Sunday, January 3, 2010

Pakistan (Hospitality Nationality)

We gathered at Iqbal’s and Sherrin's house with her mother, who was visiting from Pakistan.
We enjoyed Aaalu Paratha (potato-filled pan-fried pancakes), homemade
yogurt, fruit, and tea with milk or
evaporated milk.  The pancakes have tiny diced bits of potato with corriander
seeds.  Sherrin lightly fried them
on the stove and we eagerly ate each hot as it came off the pan.  You break them in bits and dip them in the fresh yogurt.  They're light but filling.  The whole experience is geared toward pleasing the guest as he or she keeps eating and conversing.

We learned about Pakistani hospitality codes...

...If someone arrives at your house (likely unannounced and uninvited) around meal time, you must invite him or her to stay for the next meal. If someone—invited or not—arrives at your house in the evening, you must invite him or her to stay overnight. I asked if people don’t abuse this generosity. “Probably,” was the simple response. Evidently, that’s not a deal breaker. However, following that train of thought—my shameful Little Red Hen tendency to keep score—Iqbal recited a Pakistani rhyme. I need to get him to write down the rhyme in Urdu, but here’s the gist of it: For the 1st day of your visit, you’re considered to be a guest. For the 2nd day, you’re still considered to be a guest. For the 3rd day, you’re (something like) "a torture to our lives." Obviously, every hospitality code has its limits.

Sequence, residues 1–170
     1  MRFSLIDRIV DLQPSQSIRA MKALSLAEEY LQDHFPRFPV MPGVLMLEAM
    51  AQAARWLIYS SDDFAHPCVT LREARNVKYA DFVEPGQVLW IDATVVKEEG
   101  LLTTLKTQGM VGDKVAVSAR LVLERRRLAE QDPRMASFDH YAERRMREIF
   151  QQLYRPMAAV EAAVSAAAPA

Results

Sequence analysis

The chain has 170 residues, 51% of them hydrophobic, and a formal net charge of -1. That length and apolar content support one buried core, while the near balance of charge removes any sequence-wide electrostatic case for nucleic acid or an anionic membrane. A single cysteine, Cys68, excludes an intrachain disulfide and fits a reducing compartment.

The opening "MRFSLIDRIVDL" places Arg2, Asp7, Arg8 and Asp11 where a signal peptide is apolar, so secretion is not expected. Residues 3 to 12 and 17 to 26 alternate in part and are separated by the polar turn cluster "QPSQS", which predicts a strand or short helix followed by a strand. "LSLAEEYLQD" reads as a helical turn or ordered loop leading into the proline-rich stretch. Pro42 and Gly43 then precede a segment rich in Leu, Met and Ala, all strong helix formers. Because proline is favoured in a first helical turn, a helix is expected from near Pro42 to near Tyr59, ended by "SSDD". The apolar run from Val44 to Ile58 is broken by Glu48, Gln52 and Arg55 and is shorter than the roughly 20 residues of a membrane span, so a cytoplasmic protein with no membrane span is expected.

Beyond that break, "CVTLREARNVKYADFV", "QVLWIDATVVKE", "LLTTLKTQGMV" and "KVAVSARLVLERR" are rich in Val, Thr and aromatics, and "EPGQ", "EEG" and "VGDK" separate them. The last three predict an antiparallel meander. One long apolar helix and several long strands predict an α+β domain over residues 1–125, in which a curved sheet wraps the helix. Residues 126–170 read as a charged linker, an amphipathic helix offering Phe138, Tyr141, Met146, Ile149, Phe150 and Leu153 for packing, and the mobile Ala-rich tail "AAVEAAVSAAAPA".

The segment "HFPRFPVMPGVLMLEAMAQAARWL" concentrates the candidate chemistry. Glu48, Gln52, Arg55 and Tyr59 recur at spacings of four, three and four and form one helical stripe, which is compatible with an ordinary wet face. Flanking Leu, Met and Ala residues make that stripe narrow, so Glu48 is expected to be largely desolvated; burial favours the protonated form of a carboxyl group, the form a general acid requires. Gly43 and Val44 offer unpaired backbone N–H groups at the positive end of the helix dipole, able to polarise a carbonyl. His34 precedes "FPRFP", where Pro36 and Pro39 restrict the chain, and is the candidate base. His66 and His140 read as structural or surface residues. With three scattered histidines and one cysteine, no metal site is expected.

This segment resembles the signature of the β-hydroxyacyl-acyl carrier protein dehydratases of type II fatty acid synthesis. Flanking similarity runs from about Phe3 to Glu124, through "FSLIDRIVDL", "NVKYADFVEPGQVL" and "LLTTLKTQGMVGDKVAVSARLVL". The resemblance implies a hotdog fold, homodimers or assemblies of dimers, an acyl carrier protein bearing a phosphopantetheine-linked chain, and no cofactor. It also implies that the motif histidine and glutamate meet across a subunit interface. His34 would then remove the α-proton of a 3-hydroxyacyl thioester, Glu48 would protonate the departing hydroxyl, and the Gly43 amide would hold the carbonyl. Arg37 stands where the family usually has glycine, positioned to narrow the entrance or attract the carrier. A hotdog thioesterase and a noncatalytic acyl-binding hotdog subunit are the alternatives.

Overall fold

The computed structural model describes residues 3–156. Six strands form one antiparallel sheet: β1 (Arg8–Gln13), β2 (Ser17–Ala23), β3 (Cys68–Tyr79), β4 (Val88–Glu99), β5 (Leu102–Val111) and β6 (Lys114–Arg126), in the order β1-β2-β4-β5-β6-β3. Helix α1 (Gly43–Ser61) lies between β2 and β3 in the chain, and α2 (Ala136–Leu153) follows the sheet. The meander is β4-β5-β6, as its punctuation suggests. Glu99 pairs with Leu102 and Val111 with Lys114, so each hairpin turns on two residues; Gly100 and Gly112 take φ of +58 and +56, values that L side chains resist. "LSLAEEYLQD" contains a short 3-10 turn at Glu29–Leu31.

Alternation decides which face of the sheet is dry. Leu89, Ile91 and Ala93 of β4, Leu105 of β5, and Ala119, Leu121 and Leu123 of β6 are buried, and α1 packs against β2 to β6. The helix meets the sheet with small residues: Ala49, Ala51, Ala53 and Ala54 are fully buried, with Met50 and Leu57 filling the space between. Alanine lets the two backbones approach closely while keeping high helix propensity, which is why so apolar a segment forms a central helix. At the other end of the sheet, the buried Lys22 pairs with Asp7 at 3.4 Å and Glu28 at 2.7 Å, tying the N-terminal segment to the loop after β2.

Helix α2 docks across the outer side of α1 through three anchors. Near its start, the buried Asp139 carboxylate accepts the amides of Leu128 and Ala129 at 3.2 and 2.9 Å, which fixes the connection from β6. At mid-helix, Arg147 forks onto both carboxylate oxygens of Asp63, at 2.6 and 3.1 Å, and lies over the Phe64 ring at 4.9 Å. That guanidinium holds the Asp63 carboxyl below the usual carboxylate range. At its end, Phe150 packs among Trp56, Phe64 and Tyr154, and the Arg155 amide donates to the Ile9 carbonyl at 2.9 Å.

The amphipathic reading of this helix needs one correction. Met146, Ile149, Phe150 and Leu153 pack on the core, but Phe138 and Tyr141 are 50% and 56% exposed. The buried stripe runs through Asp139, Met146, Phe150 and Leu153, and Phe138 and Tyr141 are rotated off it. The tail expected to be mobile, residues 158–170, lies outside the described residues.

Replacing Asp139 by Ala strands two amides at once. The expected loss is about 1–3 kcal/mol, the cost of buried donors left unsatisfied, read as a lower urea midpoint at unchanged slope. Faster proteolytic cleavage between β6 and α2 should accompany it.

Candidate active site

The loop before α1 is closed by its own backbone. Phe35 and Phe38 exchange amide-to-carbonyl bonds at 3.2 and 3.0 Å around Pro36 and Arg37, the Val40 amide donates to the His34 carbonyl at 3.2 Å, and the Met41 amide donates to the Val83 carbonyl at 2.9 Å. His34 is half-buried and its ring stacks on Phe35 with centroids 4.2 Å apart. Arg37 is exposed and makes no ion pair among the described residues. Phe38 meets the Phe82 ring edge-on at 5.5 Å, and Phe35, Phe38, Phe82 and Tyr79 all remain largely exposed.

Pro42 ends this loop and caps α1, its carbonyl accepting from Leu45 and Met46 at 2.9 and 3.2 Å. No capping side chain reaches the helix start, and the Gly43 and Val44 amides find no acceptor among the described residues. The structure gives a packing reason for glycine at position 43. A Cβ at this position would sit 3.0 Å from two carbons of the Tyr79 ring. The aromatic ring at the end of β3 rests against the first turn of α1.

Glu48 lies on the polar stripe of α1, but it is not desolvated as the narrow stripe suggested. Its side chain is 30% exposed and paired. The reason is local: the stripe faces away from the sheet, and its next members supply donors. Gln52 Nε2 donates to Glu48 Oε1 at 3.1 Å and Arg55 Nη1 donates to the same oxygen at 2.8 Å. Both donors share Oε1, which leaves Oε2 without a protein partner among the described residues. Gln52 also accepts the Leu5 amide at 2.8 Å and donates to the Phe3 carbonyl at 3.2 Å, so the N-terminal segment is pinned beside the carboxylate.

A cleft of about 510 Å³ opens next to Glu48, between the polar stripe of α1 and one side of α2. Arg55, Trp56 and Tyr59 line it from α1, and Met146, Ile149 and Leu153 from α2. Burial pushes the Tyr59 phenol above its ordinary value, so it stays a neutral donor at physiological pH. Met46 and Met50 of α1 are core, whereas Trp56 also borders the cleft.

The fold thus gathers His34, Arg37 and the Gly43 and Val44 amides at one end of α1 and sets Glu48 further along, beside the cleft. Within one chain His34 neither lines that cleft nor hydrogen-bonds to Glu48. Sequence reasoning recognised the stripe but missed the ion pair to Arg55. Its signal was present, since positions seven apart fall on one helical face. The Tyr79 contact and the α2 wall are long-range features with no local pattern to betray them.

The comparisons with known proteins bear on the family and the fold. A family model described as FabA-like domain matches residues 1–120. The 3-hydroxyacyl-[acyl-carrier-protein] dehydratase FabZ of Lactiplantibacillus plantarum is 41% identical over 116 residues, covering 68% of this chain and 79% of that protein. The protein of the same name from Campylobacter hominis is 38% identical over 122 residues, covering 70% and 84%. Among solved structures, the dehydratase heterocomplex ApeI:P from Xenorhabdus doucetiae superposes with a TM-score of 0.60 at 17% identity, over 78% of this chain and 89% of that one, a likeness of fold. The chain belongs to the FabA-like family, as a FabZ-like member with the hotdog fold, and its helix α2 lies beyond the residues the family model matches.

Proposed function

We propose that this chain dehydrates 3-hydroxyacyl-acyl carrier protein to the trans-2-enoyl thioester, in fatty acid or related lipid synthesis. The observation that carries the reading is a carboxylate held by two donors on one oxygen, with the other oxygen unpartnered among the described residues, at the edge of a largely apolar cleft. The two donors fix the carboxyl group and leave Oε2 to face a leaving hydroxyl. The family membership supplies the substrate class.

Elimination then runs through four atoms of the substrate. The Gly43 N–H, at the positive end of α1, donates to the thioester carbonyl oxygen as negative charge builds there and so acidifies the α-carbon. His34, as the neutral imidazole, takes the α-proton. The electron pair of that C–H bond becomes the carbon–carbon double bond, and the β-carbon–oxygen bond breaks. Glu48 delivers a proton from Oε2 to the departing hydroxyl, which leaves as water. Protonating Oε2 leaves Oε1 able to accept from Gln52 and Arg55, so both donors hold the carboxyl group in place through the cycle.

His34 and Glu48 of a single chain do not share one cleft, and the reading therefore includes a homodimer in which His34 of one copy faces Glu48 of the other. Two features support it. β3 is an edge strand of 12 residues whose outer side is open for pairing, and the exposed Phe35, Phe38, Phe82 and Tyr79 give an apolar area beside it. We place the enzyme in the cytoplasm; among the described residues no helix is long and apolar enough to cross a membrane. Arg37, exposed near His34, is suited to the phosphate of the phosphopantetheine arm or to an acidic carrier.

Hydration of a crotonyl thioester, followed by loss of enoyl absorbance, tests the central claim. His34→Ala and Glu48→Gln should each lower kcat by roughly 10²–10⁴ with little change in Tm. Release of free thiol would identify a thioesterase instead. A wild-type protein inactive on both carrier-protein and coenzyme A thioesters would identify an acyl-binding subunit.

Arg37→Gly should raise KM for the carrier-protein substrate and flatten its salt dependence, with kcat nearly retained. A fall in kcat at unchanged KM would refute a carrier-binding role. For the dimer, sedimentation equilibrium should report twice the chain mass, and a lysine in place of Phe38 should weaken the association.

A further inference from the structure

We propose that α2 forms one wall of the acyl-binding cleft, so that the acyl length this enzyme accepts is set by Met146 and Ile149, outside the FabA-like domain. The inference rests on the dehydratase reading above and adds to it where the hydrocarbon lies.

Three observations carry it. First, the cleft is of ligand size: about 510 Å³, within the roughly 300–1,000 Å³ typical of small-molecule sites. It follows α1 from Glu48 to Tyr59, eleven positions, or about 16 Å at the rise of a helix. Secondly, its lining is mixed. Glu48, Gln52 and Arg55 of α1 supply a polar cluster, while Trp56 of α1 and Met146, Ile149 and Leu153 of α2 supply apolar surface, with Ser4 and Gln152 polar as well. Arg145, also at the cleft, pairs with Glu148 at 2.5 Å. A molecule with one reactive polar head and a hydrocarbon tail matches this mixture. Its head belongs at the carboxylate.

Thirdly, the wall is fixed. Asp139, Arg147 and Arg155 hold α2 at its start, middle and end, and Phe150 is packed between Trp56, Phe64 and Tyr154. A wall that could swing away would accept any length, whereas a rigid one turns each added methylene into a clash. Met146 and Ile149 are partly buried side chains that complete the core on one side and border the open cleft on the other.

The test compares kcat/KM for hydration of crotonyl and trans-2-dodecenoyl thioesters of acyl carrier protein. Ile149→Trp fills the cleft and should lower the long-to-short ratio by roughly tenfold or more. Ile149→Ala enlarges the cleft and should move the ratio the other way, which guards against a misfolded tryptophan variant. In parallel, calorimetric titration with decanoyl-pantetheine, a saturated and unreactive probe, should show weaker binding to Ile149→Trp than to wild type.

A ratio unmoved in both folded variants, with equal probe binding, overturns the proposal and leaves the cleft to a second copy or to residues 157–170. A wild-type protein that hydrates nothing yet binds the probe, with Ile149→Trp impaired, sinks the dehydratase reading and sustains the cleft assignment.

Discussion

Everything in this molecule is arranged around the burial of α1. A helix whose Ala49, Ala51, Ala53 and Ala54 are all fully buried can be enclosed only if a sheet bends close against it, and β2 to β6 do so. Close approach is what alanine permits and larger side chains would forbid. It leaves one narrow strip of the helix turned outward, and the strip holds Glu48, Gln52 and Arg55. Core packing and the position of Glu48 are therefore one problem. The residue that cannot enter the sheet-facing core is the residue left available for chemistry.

So what’s to be learned from Pakistan’s hospitality morality? Guests choose you; you welcome and provide for them. Overstaying harbors resentment between guest and host. But resentment is no excuse for shirking host responsibilities.  The Little Red Hen should take note.

1 comment:

  1. True, but you should also keep it in your mind that inhospitality is hram(forbidden)and it is a big sin. Pakistani people do not think a guest as a guest but it is a blessing of God and moreover they dont say him a guest,they say him brother.
    irem waseem


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